With a Q-tip thinly prime the hole with 51CURE or West System 5-1 epoxy. Wax the wood stick and have it in place against the spring pin to prevent epoxy to get into the spring race, fill the hole with Devcon Steel Putty and finish flush with the seat radius. Tap the wood stick to flush the Steel putty in place and avoid overfilling the hole. Let this set up solid.

Once solid apply primer to the hinge seat and apply a thin layer of Devcon Steel Putty and apply thin coat of STP or paste wax for release to the hinge pin. Carefully install the barrel and compress the Devcon Steel Putty. Tap action in place until the latch will lock solid. I would think that this should take care of a gap up to six thousands or more?

The back thrust against the standing breech for cartridge like a 243 or 25-06 is about 7500psi on a   0.173sq/in case head. The effective thrust area is 0.1246 sq/in. The above load is transferred to the hinge pin , which has more than twice the aria at 0.361 sq/in when the hole is filled in.  Always use a good grease to lube the hinge pin and seat after the Devcon Epoxy steel is cured. Allow one week to cure, for sure.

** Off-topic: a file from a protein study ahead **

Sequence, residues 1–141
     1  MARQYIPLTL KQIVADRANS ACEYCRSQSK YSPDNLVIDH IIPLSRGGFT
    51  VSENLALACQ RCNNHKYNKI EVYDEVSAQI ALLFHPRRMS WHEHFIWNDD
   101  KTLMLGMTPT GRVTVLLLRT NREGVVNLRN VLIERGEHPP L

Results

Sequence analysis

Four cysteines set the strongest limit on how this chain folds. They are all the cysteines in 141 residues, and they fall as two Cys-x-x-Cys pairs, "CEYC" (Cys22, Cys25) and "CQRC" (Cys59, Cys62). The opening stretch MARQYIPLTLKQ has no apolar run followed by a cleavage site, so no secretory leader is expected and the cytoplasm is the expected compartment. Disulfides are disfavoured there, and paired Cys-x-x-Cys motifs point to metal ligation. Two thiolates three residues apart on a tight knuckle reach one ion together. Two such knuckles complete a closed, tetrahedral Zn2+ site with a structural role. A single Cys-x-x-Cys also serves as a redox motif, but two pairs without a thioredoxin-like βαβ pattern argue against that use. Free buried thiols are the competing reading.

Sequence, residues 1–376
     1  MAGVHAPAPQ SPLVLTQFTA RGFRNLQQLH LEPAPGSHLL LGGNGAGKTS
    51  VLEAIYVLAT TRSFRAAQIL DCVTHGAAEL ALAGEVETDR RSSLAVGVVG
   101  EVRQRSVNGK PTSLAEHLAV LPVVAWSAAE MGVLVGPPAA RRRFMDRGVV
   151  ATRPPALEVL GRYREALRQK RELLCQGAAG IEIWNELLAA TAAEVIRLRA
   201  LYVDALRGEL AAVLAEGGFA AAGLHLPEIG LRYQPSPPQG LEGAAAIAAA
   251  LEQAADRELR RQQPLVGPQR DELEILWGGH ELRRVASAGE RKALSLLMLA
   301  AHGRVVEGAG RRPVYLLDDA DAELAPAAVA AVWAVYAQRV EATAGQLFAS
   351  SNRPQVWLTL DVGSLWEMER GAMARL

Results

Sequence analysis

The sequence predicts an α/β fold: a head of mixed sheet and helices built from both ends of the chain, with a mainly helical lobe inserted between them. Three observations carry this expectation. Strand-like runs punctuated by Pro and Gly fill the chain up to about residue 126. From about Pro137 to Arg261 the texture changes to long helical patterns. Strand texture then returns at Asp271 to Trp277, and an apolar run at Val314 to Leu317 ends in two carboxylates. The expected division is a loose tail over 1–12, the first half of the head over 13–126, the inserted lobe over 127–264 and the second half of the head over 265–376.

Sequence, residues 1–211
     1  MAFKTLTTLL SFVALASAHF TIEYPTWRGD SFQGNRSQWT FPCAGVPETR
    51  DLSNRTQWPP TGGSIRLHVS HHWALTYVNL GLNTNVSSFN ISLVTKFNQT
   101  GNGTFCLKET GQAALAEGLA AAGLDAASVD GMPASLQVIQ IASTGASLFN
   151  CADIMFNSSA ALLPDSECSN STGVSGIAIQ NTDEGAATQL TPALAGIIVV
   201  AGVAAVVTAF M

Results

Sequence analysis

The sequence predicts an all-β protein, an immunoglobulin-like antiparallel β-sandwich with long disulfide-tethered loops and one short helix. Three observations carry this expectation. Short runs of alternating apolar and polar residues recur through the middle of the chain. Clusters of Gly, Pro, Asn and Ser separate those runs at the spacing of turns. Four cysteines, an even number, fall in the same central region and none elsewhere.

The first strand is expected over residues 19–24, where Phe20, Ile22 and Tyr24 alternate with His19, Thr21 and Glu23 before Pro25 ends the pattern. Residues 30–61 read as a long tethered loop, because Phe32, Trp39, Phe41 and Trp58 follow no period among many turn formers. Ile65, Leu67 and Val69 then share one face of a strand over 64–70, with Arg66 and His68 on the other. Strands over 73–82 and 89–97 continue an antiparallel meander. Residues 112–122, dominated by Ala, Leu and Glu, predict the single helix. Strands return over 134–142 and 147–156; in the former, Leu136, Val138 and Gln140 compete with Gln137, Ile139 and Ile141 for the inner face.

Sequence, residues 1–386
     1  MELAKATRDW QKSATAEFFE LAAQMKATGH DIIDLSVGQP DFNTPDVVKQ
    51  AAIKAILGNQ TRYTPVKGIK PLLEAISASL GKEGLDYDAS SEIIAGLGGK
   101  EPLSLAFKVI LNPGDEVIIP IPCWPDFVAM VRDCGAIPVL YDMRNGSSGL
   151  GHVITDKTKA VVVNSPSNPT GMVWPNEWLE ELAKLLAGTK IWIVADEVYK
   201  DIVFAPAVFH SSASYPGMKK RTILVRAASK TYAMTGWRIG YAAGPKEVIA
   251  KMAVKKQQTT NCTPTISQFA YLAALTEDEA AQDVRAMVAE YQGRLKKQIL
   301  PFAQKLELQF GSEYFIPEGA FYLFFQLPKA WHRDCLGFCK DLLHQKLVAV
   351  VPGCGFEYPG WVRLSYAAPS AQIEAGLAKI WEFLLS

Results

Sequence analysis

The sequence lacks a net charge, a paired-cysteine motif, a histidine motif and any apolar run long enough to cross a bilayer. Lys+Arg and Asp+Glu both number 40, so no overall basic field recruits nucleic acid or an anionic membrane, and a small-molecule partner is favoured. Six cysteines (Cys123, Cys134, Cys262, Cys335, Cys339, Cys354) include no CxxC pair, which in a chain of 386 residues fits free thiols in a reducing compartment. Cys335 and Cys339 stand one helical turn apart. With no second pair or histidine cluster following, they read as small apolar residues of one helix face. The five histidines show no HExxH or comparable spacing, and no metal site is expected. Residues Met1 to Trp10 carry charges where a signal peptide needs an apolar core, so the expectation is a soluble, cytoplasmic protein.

For your info back thrust is calculated from the inside diameter of a case at the pressure ring. About a 1/4" up from the base, BT= Inside diameter radius squared times psi.

One problem with a gap is, the loose barrel will add impact to the hinge pin each time the rifle is fired. To demonstrate take a 50lbs hammer and lay it on a 3/8 pin nothing will happen. Take the same hammer and drop it a foot and you will have a dint in the pin. The more gap the more impact. My Handi action developed a 0.003" after about 160 rounds.

Since I have already load data there is no real need to fire another 160 rounds to find out if the putty job is sound. There is one other plus for the Steel putty. If the standing breech and the hinge pin are not perfect parallel, which with all the side play in the action is quite possible, The Steel putty will take care of that too.

 Of course a gap in the standing breech will also place the barrel latch in various places on the latch seat. This causes vertical stringing. Let alone the case stretching which causes case head separation in short order. The Devcon Steel Putty may in time compress but can be fixed easy again by another thin layer of Devcon Steel Putty.